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Yu Dabao guarantees China will stay alive in Asian Cup Qualifying

China 1-0 Iraq
Asian Cup 2015 Qualifying Matchday 2
Yu Dabao ’92

Attendance: 31,629

After 90 minutes of scoreless play, China got a lucky extra time goal that will at least ensure manager Jose Antonio Camacho keeps his job for one more match. The win creates a loggerhead in the group, with three teams sitting on three points (though Saudi Arabia will face off against Indonesia tomorrow).

Camacho considerably juggled the roster before the match, giving Sun Ke his first national team appearance on the right in midfield, moving Yu Hai into the middle and playing Gao Lin on the wing and using Zhao Peng and Li Xuepeng in central defense. Three points were a must for China if they wanted to improve their chances of reaching Australia, and the team came out on the attack. It didn’t last for long as Iraq settled down, encouraged by an Ali Adnan Kadhim shot from just over the halfway line that forced Zeng Cheng to make an acrobatic save.

The first half hour made to things apparent, despite Iraq’s skill elsewhere on the pitch, the Iraqi defense left something to be desired and that it would be a very physical match (three yellow cards were handed out in the first 20 minutes).

While things were generally even, China had the better of the chances toward the end of the half. In the 36th minute, Yang Xu was too creative for his own good, trying to use his heel to score off a corner but flubbing the shot. Then in the 43rd minute, an Iraqi defender couldn’t reach a beautiful Zhang Linpeng cross that fell directly to Gao Lin, who couldn’t bring the ball down cleanly.

A Chinese free kick just before half time would change the match, the referee yellow carded an Iraqi player for moving before the whistle, then Kadhim did the same thing on the retake and was shown his second yellow card, creating much controversy.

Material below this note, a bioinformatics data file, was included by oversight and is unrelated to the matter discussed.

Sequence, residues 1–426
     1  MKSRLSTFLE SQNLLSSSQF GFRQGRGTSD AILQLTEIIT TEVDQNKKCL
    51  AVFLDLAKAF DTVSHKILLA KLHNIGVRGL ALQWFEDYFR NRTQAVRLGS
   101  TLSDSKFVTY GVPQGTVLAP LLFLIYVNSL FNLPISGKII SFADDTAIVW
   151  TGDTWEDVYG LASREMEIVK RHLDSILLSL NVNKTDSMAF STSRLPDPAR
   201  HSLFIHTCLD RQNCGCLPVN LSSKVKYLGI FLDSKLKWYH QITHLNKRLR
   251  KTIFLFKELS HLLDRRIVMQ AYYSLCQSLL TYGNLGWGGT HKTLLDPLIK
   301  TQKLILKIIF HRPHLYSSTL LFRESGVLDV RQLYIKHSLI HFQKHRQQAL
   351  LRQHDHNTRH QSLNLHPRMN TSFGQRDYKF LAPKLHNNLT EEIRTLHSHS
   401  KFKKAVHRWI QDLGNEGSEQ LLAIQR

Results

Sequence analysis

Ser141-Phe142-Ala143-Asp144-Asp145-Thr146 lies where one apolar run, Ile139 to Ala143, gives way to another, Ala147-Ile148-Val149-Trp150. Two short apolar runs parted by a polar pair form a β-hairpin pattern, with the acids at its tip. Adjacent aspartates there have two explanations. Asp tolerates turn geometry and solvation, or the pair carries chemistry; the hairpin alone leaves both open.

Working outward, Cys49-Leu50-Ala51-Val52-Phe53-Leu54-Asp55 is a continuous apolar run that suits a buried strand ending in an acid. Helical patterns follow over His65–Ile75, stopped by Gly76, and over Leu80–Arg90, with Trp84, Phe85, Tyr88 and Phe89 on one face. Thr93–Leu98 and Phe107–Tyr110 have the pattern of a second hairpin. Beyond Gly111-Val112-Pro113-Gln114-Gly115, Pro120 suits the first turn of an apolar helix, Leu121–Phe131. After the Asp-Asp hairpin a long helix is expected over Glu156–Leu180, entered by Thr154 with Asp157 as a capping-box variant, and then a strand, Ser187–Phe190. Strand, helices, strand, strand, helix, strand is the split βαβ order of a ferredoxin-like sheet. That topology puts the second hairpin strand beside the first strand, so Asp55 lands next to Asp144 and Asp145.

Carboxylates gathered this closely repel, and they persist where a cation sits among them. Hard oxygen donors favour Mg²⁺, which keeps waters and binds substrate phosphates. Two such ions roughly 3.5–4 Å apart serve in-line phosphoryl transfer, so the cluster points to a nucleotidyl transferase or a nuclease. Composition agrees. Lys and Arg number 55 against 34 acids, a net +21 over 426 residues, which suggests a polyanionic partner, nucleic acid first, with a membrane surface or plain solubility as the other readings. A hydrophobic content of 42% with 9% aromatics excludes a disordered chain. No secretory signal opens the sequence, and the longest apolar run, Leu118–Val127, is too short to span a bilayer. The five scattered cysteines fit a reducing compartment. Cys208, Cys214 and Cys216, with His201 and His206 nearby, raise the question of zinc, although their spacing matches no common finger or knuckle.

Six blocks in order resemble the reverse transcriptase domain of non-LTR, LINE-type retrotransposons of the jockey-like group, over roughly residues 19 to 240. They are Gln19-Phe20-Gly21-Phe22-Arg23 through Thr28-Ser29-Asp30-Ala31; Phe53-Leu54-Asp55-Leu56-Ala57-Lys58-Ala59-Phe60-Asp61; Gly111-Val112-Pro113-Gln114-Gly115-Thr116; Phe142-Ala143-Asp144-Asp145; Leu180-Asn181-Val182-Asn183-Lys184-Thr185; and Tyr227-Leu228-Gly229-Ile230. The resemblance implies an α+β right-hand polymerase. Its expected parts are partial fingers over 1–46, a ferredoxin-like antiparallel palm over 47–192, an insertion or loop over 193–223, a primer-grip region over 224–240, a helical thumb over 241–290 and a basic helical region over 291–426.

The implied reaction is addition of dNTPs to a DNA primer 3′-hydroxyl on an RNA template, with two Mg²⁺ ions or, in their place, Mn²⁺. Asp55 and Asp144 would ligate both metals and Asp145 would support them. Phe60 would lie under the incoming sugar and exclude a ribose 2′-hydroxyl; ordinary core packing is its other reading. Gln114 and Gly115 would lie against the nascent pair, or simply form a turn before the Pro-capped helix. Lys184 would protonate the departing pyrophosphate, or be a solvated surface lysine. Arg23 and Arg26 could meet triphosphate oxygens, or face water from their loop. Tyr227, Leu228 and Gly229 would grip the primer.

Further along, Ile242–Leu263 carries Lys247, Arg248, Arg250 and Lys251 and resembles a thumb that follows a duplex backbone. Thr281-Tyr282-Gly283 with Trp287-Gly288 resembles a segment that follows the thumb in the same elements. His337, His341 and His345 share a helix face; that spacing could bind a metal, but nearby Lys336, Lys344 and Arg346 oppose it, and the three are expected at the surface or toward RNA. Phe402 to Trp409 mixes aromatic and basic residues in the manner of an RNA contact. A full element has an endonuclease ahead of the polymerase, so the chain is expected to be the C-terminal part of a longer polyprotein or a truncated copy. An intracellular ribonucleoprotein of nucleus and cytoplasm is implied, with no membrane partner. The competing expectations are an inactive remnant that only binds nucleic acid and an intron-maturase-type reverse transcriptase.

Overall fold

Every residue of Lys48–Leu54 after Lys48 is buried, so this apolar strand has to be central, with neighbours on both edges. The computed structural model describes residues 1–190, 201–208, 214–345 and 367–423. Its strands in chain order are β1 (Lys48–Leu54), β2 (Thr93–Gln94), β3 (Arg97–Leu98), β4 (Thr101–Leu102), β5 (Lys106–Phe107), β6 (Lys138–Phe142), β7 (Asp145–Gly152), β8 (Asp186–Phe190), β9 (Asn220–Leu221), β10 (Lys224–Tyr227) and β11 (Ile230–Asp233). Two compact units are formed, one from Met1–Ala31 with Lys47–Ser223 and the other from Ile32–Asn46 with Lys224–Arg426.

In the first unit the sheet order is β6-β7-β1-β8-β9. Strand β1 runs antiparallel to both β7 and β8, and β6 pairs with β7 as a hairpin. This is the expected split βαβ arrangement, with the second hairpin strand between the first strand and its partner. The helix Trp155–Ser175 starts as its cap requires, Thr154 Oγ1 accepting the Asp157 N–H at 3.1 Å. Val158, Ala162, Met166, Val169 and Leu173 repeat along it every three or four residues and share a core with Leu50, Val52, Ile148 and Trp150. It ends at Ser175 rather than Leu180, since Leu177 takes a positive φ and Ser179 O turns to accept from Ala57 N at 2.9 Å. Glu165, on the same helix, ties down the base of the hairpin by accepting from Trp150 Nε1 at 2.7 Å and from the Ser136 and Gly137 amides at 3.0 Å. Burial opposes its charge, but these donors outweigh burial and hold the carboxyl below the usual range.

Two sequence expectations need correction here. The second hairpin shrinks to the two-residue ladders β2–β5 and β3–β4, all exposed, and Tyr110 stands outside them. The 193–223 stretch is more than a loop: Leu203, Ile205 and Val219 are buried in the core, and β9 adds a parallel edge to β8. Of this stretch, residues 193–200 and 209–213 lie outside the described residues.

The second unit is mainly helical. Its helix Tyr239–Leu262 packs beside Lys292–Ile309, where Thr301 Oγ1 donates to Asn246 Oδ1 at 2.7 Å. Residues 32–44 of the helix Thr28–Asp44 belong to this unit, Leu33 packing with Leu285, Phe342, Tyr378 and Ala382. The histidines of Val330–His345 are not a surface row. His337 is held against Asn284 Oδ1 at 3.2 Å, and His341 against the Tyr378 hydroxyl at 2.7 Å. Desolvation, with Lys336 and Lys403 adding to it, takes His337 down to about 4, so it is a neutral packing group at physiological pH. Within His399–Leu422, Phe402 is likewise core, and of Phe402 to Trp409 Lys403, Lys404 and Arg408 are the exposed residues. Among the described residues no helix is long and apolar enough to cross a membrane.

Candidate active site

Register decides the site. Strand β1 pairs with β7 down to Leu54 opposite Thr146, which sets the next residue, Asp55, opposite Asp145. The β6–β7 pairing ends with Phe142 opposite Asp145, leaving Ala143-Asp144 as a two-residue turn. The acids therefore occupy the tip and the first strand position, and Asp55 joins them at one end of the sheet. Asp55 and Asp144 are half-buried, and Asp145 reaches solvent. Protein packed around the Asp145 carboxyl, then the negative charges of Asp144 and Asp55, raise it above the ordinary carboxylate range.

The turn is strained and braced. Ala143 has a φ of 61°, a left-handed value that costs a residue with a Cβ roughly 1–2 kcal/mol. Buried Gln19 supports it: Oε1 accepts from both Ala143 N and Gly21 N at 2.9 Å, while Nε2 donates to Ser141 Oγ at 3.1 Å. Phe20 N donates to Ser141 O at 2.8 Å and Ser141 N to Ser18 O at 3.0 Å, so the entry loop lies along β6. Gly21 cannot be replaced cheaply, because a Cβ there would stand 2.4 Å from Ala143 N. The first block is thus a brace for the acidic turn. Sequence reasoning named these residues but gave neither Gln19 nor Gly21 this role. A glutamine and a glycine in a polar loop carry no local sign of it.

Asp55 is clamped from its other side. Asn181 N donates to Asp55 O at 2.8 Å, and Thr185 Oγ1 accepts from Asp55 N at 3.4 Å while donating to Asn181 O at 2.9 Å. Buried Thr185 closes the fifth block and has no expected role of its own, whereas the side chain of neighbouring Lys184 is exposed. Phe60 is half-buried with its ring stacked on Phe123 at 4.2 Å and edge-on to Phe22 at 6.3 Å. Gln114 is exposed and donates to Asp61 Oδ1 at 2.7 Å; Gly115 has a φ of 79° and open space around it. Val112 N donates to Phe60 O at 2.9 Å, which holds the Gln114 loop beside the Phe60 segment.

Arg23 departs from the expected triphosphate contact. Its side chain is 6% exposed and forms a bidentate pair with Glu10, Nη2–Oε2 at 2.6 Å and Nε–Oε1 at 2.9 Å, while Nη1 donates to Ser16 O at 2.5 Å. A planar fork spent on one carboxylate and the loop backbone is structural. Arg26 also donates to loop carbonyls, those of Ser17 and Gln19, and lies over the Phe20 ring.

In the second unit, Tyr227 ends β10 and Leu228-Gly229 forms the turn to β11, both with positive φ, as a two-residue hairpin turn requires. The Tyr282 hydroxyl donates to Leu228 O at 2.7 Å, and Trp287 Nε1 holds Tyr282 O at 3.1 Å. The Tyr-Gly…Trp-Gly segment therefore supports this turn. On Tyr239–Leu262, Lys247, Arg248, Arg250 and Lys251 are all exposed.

The red card, as well as a rain that started when the second half picked up and turned into a torrential downpour, killed the flow of the match. Iraq did what they could to hold onto a single point while China looked sluggish, creating few offensive chances and quickly getting stuck in the mud, almost literally.

Camacho tried to change that, bringing on Yu Hanchao and Yu Dabao for Yang Xu and Sun Ke, but the Dalian pair couldn’t do anything to make the difference. As it looked like the match was destined to end in a disappointing draw for China, the referee declared a shocking five minutes of added time and China won a corner kick. On the ensuing corner, Zhang Linpeng got a piece of the ball (or at least prevented the Iraqis from getting to it) and the ball fell to Yu Dabao at close range, who knocked it past the keeper, causing pandamonium in Changsha.

Coming away with all three points, Camacho has to feel extremely lucky, as the Iraqi’s deserved more for their fight. Then again, many said China was unlucky not to earn a point against Saudi Arabia, so that’s just how football goes sometimes. The team has some friendlies over the summer, but their next qualifying match will be on the road against Indonesia in October.

Brandon Chemers aka B. Cheng aka A Modern Lei Feng – is a name which may be familiar to many in the Chinese blogosphere. He currently serves as Editor-in-Chief for Wild East Football and is one of the lonely souls writing about Chinese football in English for the last 10 years. Chemers' credentials are second to none – his former blog focused not only on the fortunes of his beloved Beijing Guoan FC, but a multitude of other aspects of Beijing life. He’s deservedly built a reputation in the Chinese blogosphere as an insightful observer of not only Chinese football, but also the wider picture of life in modern China and its many layers. For WEF, beyond writing about Guoan, he often focuses on fan culture and the business of Chinese football.

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